Did You Know: Communicating in an Emergency

September marks National Campus Safety Awareness Month and National Preparedness Month. At Case Western Reserve University, we are committed to ensuring the safety of our campus community—and throughout this month, The Daily will highlight a few of the many ways the university works to achieve this. For more resources, visit case.edu/publicsafety.

Throughout this month, we’ve shared multiple resources related to how we connect with you in an emergency—including Rave GuardianRave mobile and email alerts, and what various emergency messages mean. But we haven’t yet shared with you why we send messages when we do.

Following a shooting near campus last fall, university administrators immediately began planning for and training on ways to improve and increase our messaging to keep you safe. This step came at the urging of students and parents, who wanted to make sure they were aware of any potential risks to our campus.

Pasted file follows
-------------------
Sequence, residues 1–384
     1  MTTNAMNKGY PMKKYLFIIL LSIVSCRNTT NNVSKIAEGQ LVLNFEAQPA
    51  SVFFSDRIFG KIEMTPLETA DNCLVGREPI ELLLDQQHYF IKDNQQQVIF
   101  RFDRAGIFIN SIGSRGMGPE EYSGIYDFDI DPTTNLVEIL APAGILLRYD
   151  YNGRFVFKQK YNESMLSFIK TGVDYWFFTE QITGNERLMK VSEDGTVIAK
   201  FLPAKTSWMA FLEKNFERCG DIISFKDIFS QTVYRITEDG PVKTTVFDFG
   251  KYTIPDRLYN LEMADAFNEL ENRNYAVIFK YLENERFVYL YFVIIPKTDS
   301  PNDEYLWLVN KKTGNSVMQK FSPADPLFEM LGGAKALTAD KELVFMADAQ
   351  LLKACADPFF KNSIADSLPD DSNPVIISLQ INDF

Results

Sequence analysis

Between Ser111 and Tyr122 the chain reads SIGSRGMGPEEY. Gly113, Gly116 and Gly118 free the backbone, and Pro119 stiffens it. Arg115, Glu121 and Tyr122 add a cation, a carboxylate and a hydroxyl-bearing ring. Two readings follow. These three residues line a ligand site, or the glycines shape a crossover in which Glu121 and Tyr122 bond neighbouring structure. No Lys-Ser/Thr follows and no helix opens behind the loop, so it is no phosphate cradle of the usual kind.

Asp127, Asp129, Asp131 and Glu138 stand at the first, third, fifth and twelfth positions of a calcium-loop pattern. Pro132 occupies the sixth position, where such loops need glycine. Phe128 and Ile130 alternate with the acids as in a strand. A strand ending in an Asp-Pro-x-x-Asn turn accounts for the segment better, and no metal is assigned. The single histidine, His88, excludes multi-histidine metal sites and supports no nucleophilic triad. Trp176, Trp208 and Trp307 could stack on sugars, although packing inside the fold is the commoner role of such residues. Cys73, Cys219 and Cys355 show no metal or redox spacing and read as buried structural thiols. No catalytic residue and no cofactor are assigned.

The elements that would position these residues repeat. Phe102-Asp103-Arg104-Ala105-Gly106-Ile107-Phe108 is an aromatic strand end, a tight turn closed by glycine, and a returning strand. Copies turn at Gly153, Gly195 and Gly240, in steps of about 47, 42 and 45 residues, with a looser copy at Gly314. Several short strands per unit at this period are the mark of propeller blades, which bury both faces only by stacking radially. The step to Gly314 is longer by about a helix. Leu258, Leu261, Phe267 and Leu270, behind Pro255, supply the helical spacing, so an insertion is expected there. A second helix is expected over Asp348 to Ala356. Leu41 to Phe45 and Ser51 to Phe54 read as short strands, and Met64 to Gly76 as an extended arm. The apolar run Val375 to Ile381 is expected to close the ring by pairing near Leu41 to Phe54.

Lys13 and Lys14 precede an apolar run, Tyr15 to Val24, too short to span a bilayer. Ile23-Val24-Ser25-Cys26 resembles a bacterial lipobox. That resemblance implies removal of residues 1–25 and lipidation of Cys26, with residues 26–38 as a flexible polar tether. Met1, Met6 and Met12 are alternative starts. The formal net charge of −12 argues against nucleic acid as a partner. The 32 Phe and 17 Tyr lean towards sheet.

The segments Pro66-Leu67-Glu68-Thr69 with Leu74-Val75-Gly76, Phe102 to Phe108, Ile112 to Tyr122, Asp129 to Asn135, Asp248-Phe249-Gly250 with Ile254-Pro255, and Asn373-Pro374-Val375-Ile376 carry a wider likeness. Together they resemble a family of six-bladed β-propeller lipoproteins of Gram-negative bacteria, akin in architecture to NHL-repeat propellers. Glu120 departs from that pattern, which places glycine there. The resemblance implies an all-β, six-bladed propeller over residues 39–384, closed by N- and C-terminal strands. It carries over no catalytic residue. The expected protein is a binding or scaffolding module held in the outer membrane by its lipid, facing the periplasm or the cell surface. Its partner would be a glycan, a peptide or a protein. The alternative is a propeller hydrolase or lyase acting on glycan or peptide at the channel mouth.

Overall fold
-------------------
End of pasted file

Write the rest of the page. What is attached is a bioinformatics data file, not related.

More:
Now, Case Western Reserve dispatchers are trained to send an alert immediately if there is an imminent threat reported within our campus boundaries, such as shots fired, an active aggressor or a large fire. You’ve likely received a “shelter in place” warning, or a message that an emergency has been reported near campus, in recent months; this initial step aims to alert the campus community until additional details are available.

Those individuals who have been on campus more than a couple of years have noticed an increase in alerts being sent, but rest assured, this additional reporting doesn’t mean Case Western Reserve’s campus is becoming more dangerous. The safety of our campus community is of the utmost importance, so we would rather err on the side of caution and “over-communicate” any potential threats, rather than “under-communicate” and put you at risk.

The university also has increased other safety resources on campus, including extending Safe Ride hours (6 p.m.-3 a.m.) and adding shuttle routes. In addition, the university offers 24/7 walking escortsactive-aggressor response (ALICE) training and self-defense classes. Learn more at case.edu/publicsafety.